Export Capacity Must be Key Part of Inslee Trade Mission

Governor’s nine-day trip to Asia merits discussion of port infrastructure

OLYMPIA — As the most trade-dependent state in the nation, Gov. Jay Inslee’s trade mission to Asia this week should include discussions of Washington state’s export capacity, said representatives from business, labor, trade and agriculture today in discussing the governor’s nine-day trip to South Korea and Japan.

“Trade is the lifeblood of our economy here in Washington state,” said Kris Johnson, president of the Association of Washington Business, Washington state’s chamber of commerce. “As Korea and Japan seek to deepen their trade relationships with us, we must also work to ensure that we can deliver on those trade agreements. That means investing in our transportation and port infrastructure, including the export terminals. Otherwise, we can’t ship our goods, and we know other ports to the north and south are more than happy to take that business from us,” said Johnson.

“Washington state businesses and trade partners need to know they can count on us for certainty when it comes to regulatory timeframes,” added Johnson. “We need to keep Washington state competitive.”

Inslee, along with more than 70 government, education, economic development and business interests left Friday, Aug. 28 for the tour of two of Washington’s top trading partners.

“Every trade mission is an opportunity to open new markets and grow jobs,” said Eric Schinfeld, president of the Washington Council on International Trade in Seattle. “Washington’s relationships with Korea and Japan are particularly special given how connected we are economically and culturally. This mission provides another chance for Washington to showcase our products to these key trading partners. But it should also serve as a conversation starter here at home about what we should be doing to protect our trade status and grow our export capacity.”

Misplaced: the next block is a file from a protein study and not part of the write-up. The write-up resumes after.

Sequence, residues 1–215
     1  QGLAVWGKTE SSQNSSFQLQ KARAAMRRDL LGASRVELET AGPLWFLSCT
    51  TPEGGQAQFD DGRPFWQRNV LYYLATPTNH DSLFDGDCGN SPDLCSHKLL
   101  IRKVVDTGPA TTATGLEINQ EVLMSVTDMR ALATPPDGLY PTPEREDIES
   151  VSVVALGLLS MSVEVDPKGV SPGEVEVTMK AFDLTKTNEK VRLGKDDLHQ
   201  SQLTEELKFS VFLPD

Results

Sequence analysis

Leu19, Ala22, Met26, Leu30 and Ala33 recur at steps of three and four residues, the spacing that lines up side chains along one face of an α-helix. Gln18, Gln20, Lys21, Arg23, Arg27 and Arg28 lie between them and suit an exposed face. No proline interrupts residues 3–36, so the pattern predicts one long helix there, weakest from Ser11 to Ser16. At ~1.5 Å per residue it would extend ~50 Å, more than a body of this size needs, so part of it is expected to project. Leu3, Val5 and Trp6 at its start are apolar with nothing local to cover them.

According to the governor’s office, Japan was Washington state’s third largest export market in 2014, with $7.4 billion in goods exports; South Korea ranked sixth at $2.8 billion. A significant share of those trade figures are from agriculture. Washington exported $1.6 billion in agricultural products to Japan last year and $469 million worth to South Korea with those numbers expected to grow.

Tom Davis, legislative director for the Washington Farm Bureau, said, “Any time we can look for new ways to grow and expand shipment of our agricultural commodities is a positive step for Washington’s growers, farmers and producers. But we must continue to have conversations here at home about how we plan to ship those goods in a timely manner to foreign markets. Continue investment in our ports and their capacity to ship larger shipments, faster, will help us ensure our position as a global trade leader.”